Applied Geography 2 formerly RTC-TH Tech

Why Travel Internationally?

Dec 24, 2002

Below are some comments extracted from a letter from Dr. Allan E. Goodman, President and CEO of the Institute of International Education ( He makes some interesting points concerning Geography and international travel and studies.

"In the days ahead, you will hear a great deal about a recent survey conducted by the National Geographic Society.??E [Note: The results of the survey are available at ]

You will probably not be surprised to learn that travel makes a difference. The U.S. ranked last in this area, too. Some 79% of the Americans polled said they had not been out of the country in the past three years. In the countries that got the A's and B's, at least three-quarters had traveled abroad.

But travel, by itself, is not a guarantee that young people understand the world in which we are living.

What needs to be taught -- and what we will be promoting again with the announcement of the 2003 winners of the Andrew Heiskell Prize --is just how vital it is to want to think on a global basis. If a young person is not encouraged to find out why their country is having problems with another country or how their country's safety and security are affected by what happens elsewhere, no one is going to be likely to be able to raise their grade. And as events like 9/11 remind us, we cannot remain ignorant as well as safe."

Gregory Lee (former LAGS President, currently CEO of ESSI, and a Professor of Geography) is organizing a trip through Thailand and Yunnan Province, China. Greg Lee has organized and led a number of international trips when he served as LAGS President. These trips were not the typical Escorted tours offered by commercial travel companies. They are filled with informal learning opportunities, some times offered with university extension credit, and almost always involve getting to places many foreign travel groups do not visit. For example, the summer 2002 trip Lee led for the LAGS visited the Three Gorges of the Yangtze, an itinerary often seen offered by commercial tour operators. But Lee planned to get the group into smaller tributaries that would be flooded by the filling of the new Three Gorges Dam. Some commercial tours see parts of these tributaries, but Lee wanted to group to get farther back off the river. They were the first foreign group to raft and boat down these tributaries. Now, three months after the trip, those areas are underwater, never to be seen again. For those travelers, those experiences and personal contacts in the small Chinese villages are once-in-a-lifetime memories. For many of the Chinese in those villages, the LAGS travelers were the first foreigners they had ever seen!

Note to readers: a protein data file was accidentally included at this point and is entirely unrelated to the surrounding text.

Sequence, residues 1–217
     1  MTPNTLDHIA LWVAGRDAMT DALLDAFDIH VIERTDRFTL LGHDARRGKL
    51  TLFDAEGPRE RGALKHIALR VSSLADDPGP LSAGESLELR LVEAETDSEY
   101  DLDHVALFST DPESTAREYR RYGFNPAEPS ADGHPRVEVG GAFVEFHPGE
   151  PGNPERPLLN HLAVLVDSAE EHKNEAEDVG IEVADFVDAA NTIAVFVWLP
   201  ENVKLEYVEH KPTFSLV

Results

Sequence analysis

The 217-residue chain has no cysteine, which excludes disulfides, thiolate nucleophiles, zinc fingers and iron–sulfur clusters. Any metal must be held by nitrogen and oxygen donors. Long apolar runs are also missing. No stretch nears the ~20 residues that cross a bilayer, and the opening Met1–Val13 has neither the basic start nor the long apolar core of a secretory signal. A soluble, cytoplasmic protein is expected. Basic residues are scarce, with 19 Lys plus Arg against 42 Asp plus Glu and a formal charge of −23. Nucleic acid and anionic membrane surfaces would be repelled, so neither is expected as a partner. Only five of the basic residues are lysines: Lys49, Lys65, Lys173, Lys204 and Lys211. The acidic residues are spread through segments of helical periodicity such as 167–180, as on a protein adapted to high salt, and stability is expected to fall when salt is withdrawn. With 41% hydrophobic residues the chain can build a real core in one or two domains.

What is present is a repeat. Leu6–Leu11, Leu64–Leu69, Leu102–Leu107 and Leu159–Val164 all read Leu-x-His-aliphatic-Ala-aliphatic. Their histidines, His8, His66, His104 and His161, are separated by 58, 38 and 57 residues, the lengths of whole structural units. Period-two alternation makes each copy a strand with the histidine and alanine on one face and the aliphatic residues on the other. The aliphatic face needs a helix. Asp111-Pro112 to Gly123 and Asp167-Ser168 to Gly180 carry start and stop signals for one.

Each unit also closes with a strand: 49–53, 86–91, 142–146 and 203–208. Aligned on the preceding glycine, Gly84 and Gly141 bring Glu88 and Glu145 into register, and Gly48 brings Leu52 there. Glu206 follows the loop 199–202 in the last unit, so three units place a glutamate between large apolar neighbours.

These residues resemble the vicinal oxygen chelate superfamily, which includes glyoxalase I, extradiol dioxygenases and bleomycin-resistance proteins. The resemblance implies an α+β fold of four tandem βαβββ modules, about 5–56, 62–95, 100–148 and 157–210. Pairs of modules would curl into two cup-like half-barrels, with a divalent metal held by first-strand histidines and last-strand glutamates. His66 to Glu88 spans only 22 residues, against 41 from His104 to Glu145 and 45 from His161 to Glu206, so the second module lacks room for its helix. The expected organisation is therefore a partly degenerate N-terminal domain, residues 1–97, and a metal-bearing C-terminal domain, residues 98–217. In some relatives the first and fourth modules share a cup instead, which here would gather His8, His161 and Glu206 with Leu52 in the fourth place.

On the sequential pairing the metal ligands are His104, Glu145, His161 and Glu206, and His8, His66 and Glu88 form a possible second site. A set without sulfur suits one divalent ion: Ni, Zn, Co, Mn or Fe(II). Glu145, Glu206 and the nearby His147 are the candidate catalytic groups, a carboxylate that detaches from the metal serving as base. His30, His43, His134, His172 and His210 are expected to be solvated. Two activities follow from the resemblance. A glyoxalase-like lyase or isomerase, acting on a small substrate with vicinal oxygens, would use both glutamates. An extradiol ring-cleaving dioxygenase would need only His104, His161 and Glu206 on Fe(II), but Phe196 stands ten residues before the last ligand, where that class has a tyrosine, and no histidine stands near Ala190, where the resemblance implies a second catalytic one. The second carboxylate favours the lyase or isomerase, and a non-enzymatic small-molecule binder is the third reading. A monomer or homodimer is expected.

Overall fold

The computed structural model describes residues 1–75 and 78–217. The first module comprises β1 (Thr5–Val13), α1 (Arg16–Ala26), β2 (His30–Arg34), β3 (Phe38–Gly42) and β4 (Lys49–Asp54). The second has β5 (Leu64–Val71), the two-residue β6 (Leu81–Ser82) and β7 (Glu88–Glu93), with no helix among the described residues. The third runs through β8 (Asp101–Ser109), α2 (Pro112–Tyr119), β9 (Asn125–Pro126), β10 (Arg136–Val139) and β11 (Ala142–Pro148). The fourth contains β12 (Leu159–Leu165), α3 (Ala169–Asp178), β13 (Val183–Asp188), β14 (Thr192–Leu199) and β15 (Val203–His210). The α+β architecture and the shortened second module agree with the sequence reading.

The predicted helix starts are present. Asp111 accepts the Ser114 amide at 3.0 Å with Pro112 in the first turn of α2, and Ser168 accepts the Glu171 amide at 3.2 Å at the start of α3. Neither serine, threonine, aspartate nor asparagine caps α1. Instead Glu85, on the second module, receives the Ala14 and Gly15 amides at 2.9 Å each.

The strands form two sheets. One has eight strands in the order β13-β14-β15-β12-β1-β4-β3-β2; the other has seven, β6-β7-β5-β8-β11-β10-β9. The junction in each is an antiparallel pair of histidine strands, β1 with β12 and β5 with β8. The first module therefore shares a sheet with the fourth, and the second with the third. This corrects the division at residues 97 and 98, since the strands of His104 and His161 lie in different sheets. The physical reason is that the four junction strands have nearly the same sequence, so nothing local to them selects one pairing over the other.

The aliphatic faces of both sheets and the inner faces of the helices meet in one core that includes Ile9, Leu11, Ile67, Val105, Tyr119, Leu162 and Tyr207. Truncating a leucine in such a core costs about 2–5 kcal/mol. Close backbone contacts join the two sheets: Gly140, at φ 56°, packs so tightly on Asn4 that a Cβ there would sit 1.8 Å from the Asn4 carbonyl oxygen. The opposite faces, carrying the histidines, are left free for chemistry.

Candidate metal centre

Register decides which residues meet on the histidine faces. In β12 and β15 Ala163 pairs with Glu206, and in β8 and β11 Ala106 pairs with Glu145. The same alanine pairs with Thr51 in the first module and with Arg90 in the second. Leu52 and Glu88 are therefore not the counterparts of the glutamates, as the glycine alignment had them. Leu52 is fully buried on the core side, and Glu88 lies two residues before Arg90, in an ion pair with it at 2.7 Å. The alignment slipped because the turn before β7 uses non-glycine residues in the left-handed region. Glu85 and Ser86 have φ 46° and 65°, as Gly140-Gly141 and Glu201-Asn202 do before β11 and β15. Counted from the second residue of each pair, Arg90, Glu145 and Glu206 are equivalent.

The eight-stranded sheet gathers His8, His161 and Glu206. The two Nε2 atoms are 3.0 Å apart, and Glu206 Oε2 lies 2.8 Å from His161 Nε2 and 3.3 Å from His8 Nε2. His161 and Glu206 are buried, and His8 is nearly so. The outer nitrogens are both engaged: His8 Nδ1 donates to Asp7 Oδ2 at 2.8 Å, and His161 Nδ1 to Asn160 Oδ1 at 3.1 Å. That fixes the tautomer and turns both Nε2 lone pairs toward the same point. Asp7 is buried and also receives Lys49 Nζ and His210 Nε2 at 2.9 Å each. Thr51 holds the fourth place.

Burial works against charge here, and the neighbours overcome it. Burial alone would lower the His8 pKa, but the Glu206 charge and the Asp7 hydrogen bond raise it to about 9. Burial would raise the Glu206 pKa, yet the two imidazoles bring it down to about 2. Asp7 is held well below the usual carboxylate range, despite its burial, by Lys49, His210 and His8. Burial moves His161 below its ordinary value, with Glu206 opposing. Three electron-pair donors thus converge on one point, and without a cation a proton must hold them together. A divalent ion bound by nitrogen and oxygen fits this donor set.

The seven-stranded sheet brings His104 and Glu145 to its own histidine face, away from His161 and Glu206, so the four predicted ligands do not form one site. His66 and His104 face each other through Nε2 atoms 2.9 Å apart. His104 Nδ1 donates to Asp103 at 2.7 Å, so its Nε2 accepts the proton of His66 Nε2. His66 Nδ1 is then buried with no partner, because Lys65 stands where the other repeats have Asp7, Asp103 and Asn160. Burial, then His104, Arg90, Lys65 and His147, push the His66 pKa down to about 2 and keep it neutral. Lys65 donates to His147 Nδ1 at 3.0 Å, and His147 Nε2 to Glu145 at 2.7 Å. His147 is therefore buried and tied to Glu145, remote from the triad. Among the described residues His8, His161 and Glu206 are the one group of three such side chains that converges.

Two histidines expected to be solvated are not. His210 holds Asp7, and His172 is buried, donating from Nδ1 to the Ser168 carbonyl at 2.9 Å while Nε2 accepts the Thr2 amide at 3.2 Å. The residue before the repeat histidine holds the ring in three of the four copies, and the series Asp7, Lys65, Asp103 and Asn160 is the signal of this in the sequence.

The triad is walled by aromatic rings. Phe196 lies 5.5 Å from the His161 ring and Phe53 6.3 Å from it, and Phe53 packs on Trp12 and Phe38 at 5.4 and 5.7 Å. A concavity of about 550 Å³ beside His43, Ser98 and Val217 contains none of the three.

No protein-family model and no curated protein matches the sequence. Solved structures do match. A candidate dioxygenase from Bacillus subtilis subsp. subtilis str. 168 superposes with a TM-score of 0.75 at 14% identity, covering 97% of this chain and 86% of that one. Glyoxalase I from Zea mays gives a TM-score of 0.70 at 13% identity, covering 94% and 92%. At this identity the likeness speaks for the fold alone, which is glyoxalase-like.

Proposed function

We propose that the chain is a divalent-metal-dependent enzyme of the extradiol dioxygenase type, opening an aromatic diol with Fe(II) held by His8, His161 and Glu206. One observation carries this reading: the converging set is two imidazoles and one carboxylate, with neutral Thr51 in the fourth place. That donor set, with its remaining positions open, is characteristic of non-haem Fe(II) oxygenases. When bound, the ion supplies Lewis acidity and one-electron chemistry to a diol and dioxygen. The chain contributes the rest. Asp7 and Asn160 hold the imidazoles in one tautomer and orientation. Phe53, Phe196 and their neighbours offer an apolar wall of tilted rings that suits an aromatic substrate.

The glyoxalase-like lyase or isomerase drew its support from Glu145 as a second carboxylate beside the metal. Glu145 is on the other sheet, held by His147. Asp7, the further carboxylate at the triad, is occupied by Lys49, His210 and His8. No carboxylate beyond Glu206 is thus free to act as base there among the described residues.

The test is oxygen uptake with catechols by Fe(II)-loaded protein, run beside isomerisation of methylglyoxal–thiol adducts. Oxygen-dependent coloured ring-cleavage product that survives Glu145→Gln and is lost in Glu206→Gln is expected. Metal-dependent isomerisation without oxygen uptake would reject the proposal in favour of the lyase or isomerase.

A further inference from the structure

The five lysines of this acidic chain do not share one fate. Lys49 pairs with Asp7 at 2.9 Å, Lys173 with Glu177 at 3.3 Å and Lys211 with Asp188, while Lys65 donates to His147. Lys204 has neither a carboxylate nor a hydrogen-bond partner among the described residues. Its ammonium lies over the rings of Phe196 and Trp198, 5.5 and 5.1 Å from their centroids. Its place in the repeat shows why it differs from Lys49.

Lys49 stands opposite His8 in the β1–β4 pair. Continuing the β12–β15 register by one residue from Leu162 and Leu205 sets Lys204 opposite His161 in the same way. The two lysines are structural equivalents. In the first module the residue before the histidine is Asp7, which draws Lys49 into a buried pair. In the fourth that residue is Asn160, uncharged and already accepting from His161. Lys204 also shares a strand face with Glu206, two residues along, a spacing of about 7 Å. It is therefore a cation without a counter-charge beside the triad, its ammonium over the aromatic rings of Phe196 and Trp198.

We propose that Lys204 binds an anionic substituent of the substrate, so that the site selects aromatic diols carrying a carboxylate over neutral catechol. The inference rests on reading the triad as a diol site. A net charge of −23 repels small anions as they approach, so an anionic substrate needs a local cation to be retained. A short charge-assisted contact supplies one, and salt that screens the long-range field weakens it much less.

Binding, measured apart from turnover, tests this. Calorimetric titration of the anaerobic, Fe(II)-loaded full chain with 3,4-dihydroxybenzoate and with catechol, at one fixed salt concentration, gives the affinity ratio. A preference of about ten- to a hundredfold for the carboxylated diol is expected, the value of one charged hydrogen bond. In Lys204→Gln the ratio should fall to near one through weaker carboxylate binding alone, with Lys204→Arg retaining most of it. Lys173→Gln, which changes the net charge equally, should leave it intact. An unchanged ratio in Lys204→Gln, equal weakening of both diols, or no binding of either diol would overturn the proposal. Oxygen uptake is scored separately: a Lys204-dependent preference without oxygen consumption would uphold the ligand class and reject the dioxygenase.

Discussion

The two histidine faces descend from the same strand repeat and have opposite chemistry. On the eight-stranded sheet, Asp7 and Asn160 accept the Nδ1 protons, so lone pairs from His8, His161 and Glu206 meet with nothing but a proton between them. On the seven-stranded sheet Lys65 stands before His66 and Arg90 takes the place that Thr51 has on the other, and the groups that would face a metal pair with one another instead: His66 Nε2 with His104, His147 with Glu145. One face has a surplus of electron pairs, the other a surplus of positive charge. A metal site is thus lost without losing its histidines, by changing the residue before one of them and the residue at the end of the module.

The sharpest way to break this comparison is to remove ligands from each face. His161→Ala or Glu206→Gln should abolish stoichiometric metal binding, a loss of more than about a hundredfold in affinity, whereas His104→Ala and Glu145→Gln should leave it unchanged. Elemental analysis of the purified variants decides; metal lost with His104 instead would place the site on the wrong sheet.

"Geography may not change the world, but it will change the way you see it", is a phrase that comes up often when talking about the subject with Lee. That is a big point with ESSI's educational programs. "Travel is a special kind of education", is another phrase you hear in this group.

Lee has set his sights on taking a small group of adventuresome travelers to see three rivers in Yunnan---the Nujiang (Salween), the Lancangjiang (Mekong), and the Jinshajiang (the upper reaches of the Changjiang or Yangtze). You learn more about this trip, go to the ESSI website to see the newsletter articles, read the trip related articles in the Our Pages section, and check for updates in the Discussion page. You can get there simply by scrolling down the green side bar on this page to the Our Hotlinks??Esection, and clicking on the ESSI link. You can also e-mail inquiries to

[Historic Note: This trip was canceled due to the announcement of the SARS outbreak.]

Last updated by earthsyssci on 05/30/2010
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